Judah Lewis does manage to leave an impression in his first film role, portraying protagonist: ‘Cole’ as an innocent twelve-year-old with few friends aside from ‘Bee,’ even if a large portion of his anxious characterisation feels far too over-the-top. Then there is also Samara Weaving as the titular babysitter: ‘Bee,’ and her cult followers: ‘Max,’ ‘Allison,’ ‘Sonya’ and ‘John’ portrayed by Robbie Amell, Bella Thorne, Hana Mae Lee, and Andrew Bachelor. Who are all wonderfully devilish throughout the film, having plenty of dark comedic moments between them making their deaths quite unfortunate, as while I’m sure most could’ve guessed their characters do die at some point within the narrative, we don’t get to spend enough time with any of them to get a strong grasp on their exaggerated personalities or any understanding of their malevolent cult.

In spite of the usually dull cinematography by Shane Hurlbut, ‘The Babysitter’ still manages to be one of the more visually interesting Netflix Originals through its unique style, as the film continuously implements different text, graphics and colours to give it a distinct stylistic appeal, not too dissimilar from (although nowhere near impressive as) ‘Scott Pilgrim vs. The World’ from 2010. Many of these editing decisions also help to redeem the film’s humour, which is extremely inconsistent, bouncing from hilarious cut-aways and meta horror jokes to embarrassing lines of dialogue which try far too hard.

Whilst composer Douglas Pipes has crafted some great scores in the past like ‘Monster House’ and ‘Trick ‘r Treat,’ ‘The Babysitter’ is certainly not one of them, as even with the film having many serviceable tracks. The soundtrack in general just lacks anything distinctive, and I believe that if it was ever compared to any other score from Pipes, or even just a handful of random horror scores, I doubt most would be able to tell it apart. The film also throws in the iconic Queen song: ‘We Are the Champions’ nearing the runtime’s end, which feels immensely out-of-place and comes out of nowhere.

For a large duration of its tight runtime (which the film breezes through as a result of its unrelentingly fast-pacing), ‘The Babysitter’s story is predominantly just one long chase sequence, and whilst occasionally tense, I couldn’t help but feel that the film’s screenplay could’ve taken better advantage of its evil babysitter concept or its few supernatural elements, despite the series second entry: ‘The Babysitter: Killer Queen’ delving much further into the latter. Yet the film doesn’t disappoint when it comes to its violence, having plenty of fantastically gruesome gore effects which are all successfully played for comedy.

Overall, I could see ‘The Babysitter’ being an enjoyable experience for some and possibly just a boring viewing for others. As when ignoring the film’s graphic gore and fun stylistic choices, the story leaves a lot to be desired, and can often feel derivative of horror classics even if this was the film’s intention to an extent with its focus on horror tropes/clichés. For me personally, although I do admire the film’s ridiculous tone and dark humour, the disappointing story can often feel sluggish, diminishing the film’s memorability and rewatchability. Final Rating: 5/10.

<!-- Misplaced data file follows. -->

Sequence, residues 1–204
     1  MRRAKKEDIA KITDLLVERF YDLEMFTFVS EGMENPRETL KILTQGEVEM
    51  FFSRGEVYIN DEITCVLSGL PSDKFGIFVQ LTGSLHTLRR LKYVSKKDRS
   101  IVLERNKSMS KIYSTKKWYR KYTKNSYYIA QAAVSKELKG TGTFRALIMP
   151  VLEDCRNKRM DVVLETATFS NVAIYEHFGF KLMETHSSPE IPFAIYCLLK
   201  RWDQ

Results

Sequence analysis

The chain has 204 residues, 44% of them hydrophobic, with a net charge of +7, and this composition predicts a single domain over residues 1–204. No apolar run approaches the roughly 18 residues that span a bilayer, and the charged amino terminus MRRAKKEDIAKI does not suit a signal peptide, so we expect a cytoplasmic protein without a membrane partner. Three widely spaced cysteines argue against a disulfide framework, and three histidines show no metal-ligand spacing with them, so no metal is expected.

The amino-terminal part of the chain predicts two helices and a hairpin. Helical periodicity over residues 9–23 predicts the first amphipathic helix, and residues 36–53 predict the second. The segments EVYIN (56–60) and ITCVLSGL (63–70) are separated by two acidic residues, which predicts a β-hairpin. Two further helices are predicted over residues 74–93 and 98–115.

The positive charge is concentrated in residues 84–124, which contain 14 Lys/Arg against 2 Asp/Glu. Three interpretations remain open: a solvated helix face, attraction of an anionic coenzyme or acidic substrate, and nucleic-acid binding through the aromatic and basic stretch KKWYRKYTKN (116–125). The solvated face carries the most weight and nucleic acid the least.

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Happy Death Day (2017) – Film Review

Another horror flick from production company Blumhouse Pictures, ‘Happy Death Day’ released in 2017, does at least extend-out of the usual range of Blumhouse horrors to become more of a horror-comedy than just a straight-forward teen slasher. But similar to the rest of their associated franchises e.g. ‘Insidious,’ ‘The Purge’ and ‘Paranormal Activity,’ both ‘Happy Death Day’ and it’s sequel definitely have their fair share of issues, with some being far more severe than others.

Plot Summary: Waking-up in the dorm room of a boy whose name she can’t remember after a night of heavy drinking, self-centered college student: ‘Tree Gelbman’ intends to continue her trend of avoiding her birthday, but little does she know that later that night on her way to another party, someone is waiting to murder her. Only after being killed, ‘Tree’ awakens in the same dorm room, soon realising she is being forced to relive her brutal night of murder over-and-over again until she discovers her killer’s identity…

‘Happy Death Day’ similar to many other day-repeating stories in the past, takes most of its inspiration from the comedy classic: ‘Groundhog Day’ from 1993. Yet unlike many of the other films that are inspired by this beloved comedy flick, it becomes clear over-time that ‘Happy Death Day’ is quite derivative of: ‘Groundhog Day.’ As the film’s story not only utilises the comedy’s plot without much innovation (only throwing a killer into the mix). But the film even steals the main point of the narrative, that being its main character and their correlating character-arc, using the time-looping concept to in a way punish the protagonist for their cruel behaviour towards others.

In spite of this however, the protagonist: ‘Tree’ portrayed by Jessica Rothe, is by far the best element of the film. As while ‘Tree’ does go through a character-arc that is all-too-familiar as previously mentioned, Rothe makes a fantastic first-outing as an actress through her very enjoyable performance. Then of course, there is the killer, whose identity remains a mystery throughout most of the runtime. Known as ‘The Babyface Killer,’ the killer’s outfit is actually the mascot of: ‘Bayfield University’ where the film takes-place, and although the costume itself is far more goofy then intimidating, the mask/costume was actually designed by Tony Gardner. The costume designer behind the now-iconic: ‘Ghostface’ costume from the ‘Scream’ series, which does help redeem to the killer’s undoubtedly petty motivation.